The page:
IN THE 2008-2009 school year, California’s community colleges enrolled almost three million students. Demand for higher education is traditionally counter-cyclical—as unemployment rises and new job openings dry up, more people go to college for retraining or as a way of riding out the economic downswing. With their focus on access and employment, community colleges in particular are supposed to play this role.
But instead of expanding capacity to meet surging demand, California did the opposite by cutting funding to two-year schools. Without enough money to maintain buildings and pay professors, the community colleges cut back course offerings. Technically, anyone could still enroll in the institution. They just couldn’t enroll in the actual classes they need to transfer or earn a degree. Overall enrollment dropped by 400,000 students, which is roughly the size of the entire CSU system, and nearly double the number of undergraduates at U.C. Remember: This in a time when community college enrollment should have been going sharply up.
At the same time, CSU began shutting down the two-to-four-year pipeline. Inbound transfers from community colleges dropped by 12,000 students from 2009 to 2010, more than a 20 percent decline. Across the Cal State system, campuses are capping enrollment and reducing the number of courses in which students can enroll.
All of this is happening in a system that already had problems getting students from matriculation to graduation. In a rational world, credits earned at a state’s public two-year institutions would be automatically transferable to the state’s public four-year institutions. That was the whole point of shunting the majority of students into two-year institutions in the first place. In reality, it’s far more complicated and unwieldy. Transfer credits are routinely rejected for arcane and ridiculous reasons. When Jack Scott, the soon-to-be-retired head of the California Community College System first took his job, he discovered that:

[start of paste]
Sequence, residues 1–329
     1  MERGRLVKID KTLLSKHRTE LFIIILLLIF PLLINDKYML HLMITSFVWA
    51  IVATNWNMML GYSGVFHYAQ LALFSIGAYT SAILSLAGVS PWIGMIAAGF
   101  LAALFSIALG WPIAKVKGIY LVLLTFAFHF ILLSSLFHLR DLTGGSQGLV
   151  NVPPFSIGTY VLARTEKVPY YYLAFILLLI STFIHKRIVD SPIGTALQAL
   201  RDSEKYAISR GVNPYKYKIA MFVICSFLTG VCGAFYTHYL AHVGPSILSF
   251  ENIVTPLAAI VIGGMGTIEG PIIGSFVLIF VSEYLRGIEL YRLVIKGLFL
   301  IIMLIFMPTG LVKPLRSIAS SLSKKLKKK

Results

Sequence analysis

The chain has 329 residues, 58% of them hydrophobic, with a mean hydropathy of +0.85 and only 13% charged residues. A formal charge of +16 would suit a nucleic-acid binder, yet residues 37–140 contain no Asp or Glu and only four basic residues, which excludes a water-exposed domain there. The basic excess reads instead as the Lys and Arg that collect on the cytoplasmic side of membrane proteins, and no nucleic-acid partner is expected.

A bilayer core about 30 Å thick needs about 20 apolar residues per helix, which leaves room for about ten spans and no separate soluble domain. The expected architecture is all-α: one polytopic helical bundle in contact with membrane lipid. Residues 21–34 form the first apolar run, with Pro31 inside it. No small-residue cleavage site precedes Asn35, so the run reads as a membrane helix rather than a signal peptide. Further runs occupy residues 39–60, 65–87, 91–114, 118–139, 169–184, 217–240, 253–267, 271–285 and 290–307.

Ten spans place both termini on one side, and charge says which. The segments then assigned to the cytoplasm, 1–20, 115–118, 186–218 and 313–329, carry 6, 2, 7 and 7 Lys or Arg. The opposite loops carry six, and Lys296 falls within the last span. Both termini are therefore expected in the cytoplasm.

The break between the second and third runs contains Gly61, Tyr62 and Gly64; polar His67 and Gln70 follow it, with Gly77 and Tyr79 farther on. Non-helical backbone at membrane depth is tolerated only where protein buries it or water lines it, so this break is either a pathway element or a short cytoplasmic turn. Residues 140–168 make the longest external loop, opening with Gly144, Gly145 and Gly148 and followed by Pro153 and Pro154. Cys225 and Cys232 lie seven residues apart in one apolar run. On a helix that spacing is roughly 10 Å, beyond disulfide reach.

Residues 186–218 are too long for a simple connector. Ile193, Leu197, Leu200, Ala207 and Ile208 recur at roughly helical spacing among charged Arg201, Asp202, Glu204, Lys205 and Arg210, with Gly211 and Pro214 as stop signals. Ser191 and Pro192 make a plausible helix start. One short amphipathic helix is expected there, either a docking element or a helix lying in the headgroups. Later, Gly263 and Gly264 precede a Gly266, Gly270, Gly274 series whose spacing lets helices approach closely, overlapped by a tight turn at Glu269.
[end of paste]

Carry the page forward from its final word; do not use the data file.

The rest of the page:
...there was a [CSU] campus that required a course in the history of world civilization and didn't accept the history of Western civilization, and 60 miles away was another CSU campus that required the history of Western civilization and wouldn't accept the history of world civilization.
Scott helped push transfer reform through the legislature in 2010. But this kind of problem is still very common in higher education systems nationwide. One investigation found widely varied transfer standards for a single low-level math course, despite the fact that the analysis was limited to the eleven universities within the City University of New York system. A proposal to fix this problem was denounced by faculty, who saw it as an attack on their academic freedom to reject other universities’ classes as they please.
Despite the debilitating dysfunction of the lower-rungs of the public higher education system, the dominant media narrative around the effects budget cuts in California and elsewhere has focused on service reductions and price increases at top-tier places like UC-Berkeley. The Occupy movement, which to its credit brought needed attention to the broad problem of college affordability, was still disproportionately driven by the concerns of middle- and upper-middle class students whose considerable loan burdens were accrued at private colleges and universities. These are legitimate gripes. But in terms of broad impact on social justice and economic competitiveness, they pale beside the hundreds of thousands of anonymous and powerless students who are simply missing from California’s community colleges, and from cash-starved open-access institutions nationwide.
THERE ARE TWO ways to think about how to improve this situation (and they aren’t mutually exclusive). The first is to do more with the same amount of money. Online education is unavoidably a part of this conversation. Higher learning via the Internet isn’t for everyone, but it’s for a lot of people, and it is rapidly improving, as broadband access becomes ubiquitous and educators steadily improve their distance education pedagogy. But it won’t come without controversy. Last fall, a move toward expanding public online offerings in California was denounced by the faculty union, on the grounds that online courses would be less expensive and thus require fewer faculty to teach. The head of the union also announced that he was uninterested in any scholarly evidence about the relative quality of online vs. in-person courses, citing the inherently subjective value of higher education. When interest groups slow progress like this, everyone suffers—not least, because students simply go elsewhere. The top destination for California community college students who can’t transfer into the CSU system is the far more expensive University of Phoenix.
The second strategy is to do more with more money. California doesn’t have to have (and in the long run, can’t have) governing mechanisms that systematically thwart the public interest. States don’t have to give community colleges that enroll the hardest-to-educate students the least amount of money. Desperate stop-gap measures like the Santa Monica College tuition plan might buy a few extra classes, but they also worsen economic injustice and class divisions that are already deeply embedded in the basic structures of state higher education policy. Opening the doors of higher education to ever more Americans is a perpetually unfinished project. But it’s a tragedy that we are simply choosing to watch some of those doors swing shut.
Kevin Carey works for Education Sector, a think tank in Washington, D.C.